The lounge is now a minefield

As we connect more devices in the lounge, we seem to be increasing the complexity of every interaction in what should be a space all about “lean back”

Disclosure: I work on YouView and this post is talking about personal experiences of connected TV devices (including competitors to my employer). Views are mine and not those of my employer.

I’ve recently moved house, and it’s only taken 1 month to get provisioned with wired internet. What did we ever do before we had 3G dongles to tied us over, and smartphones to lessen the connectivity gap? Anyway, I’ve got my internet, I’ve got a Samsung TV that runs apps, and an Apple TV.

The result? My lounge is confusing. I can watch YouTube on my Laptop, my TV, my iPhone or the AppleTV. I have to decide the “how” before the what. The TV does Lovefilm, the Apple TV does iTunes (which has taken more movie rental money than I’ve paid in years on the device that “doesn’t have much content”)

I can control my Apple TV from my iPhone, play iTunes content from my laptop on Apple TV, or pull content on the TV itself via DNLA from my laptop. I can twitter from my TV. Not with anything useful like what I’m watching, but I can multi-tap or t9 my thoughts onto the big screen.

Most of my interactions leave me thinking that second-screen is where it’s at. Tapping away into my iPhone doesn’t distract from the screen, and that’s vital in a shared environment like a lounge.

Finally, as a result of changing routers and network changes I actually said “Yeah, my TV doesn’t cope very well with renewing DHCP”. I almost choked having said that, because it’s not the kind of thing that you should ever say about a TV. TV should be reliable, simple. It’s the device to turn your brain off of an evening, not to engage in hand-to-hand network debug just to get things to work.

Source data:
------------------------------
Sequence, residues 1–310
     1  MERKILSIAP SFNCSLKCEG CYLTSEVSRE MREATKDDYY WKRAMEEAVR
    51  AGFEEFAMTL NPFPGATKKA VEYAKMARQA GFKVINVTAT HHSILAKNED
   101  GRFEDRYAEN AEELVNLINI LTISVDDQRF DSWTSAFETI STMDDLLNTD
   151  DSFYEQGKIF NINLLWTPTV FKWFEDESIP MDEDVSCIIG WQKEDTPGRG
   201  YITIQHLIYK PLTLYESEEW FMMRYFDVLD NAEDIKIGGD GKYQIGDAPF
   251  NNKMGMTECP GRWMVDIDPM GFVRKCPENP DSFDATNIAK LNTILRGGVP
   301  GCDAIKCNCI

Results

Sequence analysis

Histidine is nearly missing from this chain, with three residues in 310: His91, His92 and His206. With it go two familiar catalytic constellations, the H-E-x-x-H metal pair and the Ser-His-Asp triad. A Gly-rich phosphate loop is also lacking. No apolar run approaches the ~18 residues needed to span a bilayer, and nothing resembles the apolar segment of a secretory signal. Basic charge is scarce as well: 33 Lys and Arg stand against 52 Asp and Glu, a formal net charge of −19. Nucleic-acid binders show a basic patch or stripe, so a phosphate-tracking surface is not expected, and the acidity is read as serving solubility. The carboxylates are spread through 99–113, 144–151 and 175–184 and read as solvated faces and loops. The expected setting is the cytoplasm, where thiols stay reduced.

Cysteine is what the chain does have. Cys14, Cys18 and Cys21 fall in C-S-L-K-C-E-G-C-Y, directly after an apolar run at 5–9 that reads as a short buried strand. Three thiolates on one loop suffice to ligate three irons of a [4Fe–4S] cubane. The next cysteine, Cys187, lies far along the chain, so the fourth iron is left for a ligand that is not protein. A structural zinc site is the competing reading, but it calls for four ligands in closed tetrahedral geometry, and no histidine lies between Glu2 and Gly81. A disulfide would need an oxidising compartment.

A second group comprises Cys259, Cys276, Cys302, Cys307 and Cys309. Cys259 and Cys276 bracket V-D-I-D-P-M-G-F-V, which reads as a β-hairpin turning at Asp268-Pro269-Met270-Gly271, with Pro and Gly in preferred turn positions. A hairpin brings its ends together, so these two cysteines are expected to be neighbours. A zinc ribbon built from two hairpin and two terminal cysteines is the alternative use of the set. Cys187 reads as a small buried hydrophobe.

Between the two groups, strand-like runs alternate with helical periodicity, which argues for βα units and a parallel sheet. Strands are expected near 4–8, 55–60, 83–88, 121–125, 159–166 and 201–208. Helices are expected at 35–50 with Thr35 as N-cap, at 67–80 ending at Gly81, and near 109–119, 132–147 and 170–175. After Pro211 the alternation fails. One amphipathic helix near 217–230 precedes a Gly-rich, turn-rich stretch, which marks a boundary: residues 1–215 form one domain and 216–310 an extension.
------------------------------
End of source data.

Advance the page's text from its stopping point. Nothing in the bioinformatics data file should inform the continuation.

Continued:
Connected TV is where things get interesting: we’ve just got to make them genuinely interesting, and not like ‘interesting’ problems your maths teacher gave you.

2 thoughts on “The lounge is now a minefield”

  1. I think this is why I’m still wanting to find a single device to attach to the TV to deal with big screen content. Too much complexity, or too many options, just leads to the process being frustrating.

    I like the iPhone/iPad as remote setup too, especially where you can browse the library / schedule / etc. without interfering with what’s being displayed on the large screen. That should be all about the watching.

  2. What did we do before 3G dongles? Stole WiFi. And before that, dialup, which rarely cared about where you were dialling up from.

    I eagerly await a nice simple box to plug into my TV to watch non-broadcast sources. At the moment, I can get iPlayer on the Wii; anything else has to be played off my laptop – usually via Boxee – which isn’t particularly straightforward to set up.

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